After signing into a law an amnesty omnibus boondoggle as a means of ending a shutdown standoff, it unfortunately appears that the Trump Administration is not yet done with its immigration-related capitulations.
On Thursday, Axios reported that the Administration is opting not to appeal a rogue decision last October from the U.S. District Court for the Northern District of California that halted the Administration’s efforts to rescind “Temporary Protected Status” (TPS) for aliens presently in the United States from Sudan, El Salvador, Haiti, and Nicaragua. As the Department of Homeland Security announced, the Administration is instead planning to abort its plans to rescind TPS. Instead, Homeland Security will automatically extend the TPS amnesty for the affected beneficiaries through January 2, 2020.
Legally, there is no reason not to appeal this rogue judge’s preliminary injunction that infringes on our national sovereignty. On the substantive policy merits, furthermore, the failure to appeal amounts to de facto amnesty for what Axios reports are 300,000 aliens. That is not a small number!
Here are three reasons why the Administration is wrong to refuse to appeal this judicial order.
1. TPS Has Been Lawlessly Expanded Far Beyond Its Policy Intent. TPS was initially promulgated as part of the Immigration Act of 1990. According to the statutory text, the Administration may designate TPS status when there is “an ongoing armed conflict” in the alien’s home state, “there has been an earthquake, flood, drought, epidemic, or other environmental disaster in the [alien’s home] state resulting in a substantial, but temporary, disruption,” or the alien’s home state is otherwise “temporarily [unable] to handle adequately the return to the state of aliens who are nationals of the state.” As the name of the program suggests, Congress’ goal in establishing TPS was to provide for “temporary” deportation relief for those aliens who are currently in the United States on a visa while a civil war or environmental disaster breaks out in the alien’s home state; Congress did not intend, as Daniel Horowitz argues, to establish an “amnesty program for illegal aliens or as a mass migration scheme…from impoverished or even dangerous” nations. TPS, quite simply, was never intended to be continually renewed by presidential administration so as to effectively serve as a decades-long mass amnesty blanket provision. El Salvador, which in the past has been the host nation of up to half of all TPS beneficiaries, happens to be the native hub of the deadly MS-13 gang. But whether the underlying situation is an earthquake in El Salvador or a hurricane in Honduras, habitual 18-month TPS renewals doled out despite changing circumstances flouts Congress’ intent — not to mention the plain text of the operative statute. As Dan Stein of the Federation for American Immigration Reform succinctly stated last May, “Twenty years is enough time for any country to return to some semblance of normalcy after a natural disaster. Normal does not mean ideal.” And as Horowitz writes today, “[p]ursuant to law, TPS should have expired for Sudan in 1997, Nicaragua in 1998, El Salvador in 2001, and Haiti in 2010.”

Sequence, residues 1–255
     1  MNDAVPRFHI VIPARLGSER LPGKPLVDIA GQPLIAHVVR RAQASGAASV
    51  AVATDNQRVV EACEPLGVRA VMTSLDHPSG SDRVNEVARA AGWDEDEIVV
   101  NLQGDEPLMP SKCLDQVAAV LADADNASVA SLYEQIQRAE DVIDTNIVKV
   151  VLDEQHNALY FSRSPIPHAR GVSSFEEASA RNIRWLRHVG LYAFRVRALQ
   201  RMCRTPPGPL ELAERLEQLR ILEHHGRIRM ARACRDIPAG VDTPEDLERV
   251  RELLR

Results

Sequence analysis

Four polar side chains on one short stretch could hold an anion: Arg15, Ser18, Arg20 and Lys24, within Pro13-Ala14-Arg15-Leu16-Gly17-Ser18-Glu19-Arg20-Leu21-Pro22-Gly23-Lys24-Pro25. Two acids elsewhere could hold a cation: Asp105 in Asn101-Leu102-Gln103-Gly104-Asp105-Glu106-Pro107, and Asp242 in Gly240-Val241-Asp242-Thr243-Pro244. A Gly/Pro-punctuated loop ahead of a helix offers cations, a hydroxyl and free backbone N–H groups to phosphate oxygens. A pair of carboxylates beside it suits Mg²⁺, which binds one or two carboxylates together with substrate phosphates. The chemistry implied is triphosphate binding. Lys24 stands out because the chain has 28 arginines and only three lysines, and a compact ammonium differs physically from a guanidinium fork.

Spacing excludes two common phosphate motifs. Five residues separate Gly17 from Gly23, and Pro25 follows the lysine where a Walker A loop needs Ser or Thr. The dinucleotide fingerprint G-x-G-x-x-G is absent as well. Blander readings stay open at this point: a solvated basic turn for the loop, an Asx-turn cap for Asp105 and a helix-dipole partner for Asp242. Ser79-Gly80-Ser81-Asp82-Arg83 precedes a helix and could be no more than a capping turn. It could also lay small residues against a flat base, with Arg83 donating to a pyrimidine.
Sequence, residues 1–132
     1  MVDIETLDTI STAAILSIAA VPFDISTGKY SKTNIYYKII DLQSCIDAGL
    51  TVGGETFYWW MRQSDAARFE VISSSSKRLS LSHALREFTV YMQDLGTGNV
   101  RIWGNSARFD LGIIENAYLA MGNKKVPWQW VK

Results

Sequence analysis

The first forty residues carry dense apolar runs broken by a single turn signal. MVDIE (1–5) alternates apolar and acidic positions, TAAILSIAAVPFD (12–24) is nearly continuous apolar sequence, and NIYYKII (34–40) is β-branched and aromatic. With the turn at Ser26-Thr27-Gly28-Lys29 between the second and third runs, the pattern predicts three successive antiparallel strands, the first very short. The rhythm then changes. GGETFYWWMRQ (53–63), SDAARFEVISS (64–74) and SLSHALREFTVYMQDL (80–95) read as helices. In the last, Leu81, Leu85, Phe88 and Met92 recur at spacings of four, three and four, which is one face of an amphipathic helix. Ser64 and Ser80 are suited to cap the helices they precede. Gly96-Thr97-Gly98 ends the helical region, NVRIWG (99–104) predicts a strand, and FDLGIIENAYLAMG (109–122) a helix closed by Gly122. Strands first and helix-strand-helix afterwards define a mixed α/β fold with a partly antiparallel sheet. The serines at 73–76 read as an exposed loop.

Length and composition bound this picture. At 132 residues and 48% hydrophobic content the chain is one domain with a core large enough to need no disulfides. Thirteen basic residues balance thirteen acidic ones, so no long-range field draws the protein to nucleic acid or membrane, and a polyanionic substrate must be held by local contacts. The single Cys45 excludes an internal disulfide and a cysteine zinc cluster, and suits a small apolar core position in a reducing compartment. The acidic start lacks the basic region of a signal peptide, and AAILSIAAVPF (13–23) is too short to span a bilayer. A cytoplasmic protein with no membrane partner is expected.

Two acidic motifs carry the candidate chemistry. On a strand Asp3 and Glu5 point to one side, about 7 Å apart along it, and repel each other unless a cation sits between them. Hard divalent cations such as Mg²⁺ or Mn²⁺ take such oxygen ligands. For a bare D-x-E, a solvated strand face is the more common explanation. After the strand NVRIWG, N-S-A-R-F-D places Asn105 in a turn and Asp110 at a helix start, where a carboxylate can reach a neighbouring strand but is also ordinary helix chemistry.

2. TPS Itself Does Not Permit Judicial Review. The plenary power doctrine of immigration law essentially holds that the two political branches — and not the judicial branch — have essentially exclusive power, as a fundamental derivative of overarching national sovereignty norms, to regulate all aspects of immigration. The judiciary is generally expected to refrain from involvement in the citizenry’s attempt to regulate the physical composition of itself. Indeed, as the great Chief Justice John Marshall once opined, in 1812’s The Schooner Exchange v. McFaddon: